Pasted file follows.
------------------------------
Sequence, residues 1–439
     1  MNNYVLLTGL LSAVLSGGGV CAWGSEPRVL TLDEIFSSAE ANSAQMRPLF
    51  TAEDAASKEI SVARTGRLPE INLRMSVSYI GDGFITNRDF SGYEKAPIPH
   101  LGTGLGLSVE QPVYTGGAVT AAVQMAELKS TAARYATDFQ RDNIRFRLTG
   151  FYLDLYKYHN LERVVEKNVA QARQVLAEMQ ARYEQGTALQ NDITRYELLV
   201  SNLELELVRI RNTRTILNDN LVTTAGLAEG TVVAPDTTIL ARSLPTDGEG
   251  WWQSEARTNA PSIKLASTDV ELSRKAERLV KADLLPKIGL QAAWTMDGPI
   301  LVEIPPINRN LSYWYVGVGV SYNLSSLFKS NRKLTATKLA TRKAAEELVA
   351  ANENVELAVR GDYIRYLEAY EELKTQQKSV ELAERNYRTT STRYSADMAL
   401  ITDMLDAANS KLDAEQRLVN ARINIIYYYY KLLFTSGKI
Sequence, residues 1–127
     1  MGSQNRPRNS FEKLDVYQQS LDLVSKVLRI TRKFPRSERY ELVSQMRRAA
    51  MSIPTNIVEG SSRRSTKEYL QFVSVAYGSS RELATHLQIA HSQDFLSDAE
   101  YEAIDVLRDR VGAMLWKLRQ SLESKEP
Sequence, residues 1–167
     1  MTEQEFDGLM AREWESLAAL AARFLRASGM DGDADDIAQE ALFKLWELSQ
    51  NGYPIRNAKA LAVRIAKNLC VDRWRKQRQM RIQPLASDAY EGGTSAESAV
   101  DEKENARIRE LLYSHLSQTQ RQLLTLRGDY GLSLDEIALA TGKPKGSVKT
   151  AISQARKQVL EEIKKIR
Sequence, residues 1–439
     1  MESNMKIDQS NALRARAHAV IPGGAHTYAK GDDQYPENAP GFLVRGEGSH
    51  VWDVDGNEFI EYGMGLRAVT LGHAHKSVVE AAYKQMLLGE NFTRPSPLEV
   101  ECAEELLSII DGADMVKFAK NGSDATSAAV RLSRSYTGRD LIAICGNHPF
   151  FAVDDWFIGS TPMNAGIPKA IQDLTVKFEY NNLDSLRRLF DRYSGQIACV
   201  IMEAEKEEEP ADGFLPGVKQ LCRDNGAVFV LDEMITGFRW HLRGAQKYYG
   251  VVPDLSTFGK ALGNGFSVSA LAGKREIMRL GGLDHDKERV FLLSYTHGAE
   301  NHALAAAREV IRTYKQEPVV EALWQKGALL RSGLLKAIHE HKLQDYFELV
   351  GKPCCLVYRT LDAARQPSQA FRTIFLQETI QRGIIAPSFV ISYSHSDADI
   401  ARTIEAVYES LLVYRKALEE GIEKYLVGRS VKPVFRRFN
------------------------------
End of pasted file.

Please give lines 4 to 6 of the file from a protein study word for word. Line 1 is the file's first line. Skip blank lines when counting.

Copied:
   101  LGTGLGLSVE QPVYTGGAVT AAVQMAELKS TAARYATDFQ RDNIRFRLTG
   151  FYLDLYKYHN LERVVEKNVA QARQVLAEMQ ARYEQGTALQ NDITRYELLV
   201  SNLELELVRI RNTRTILNDN LVTTAGLAEG TVVAPDTTIL ARSLPTDGEG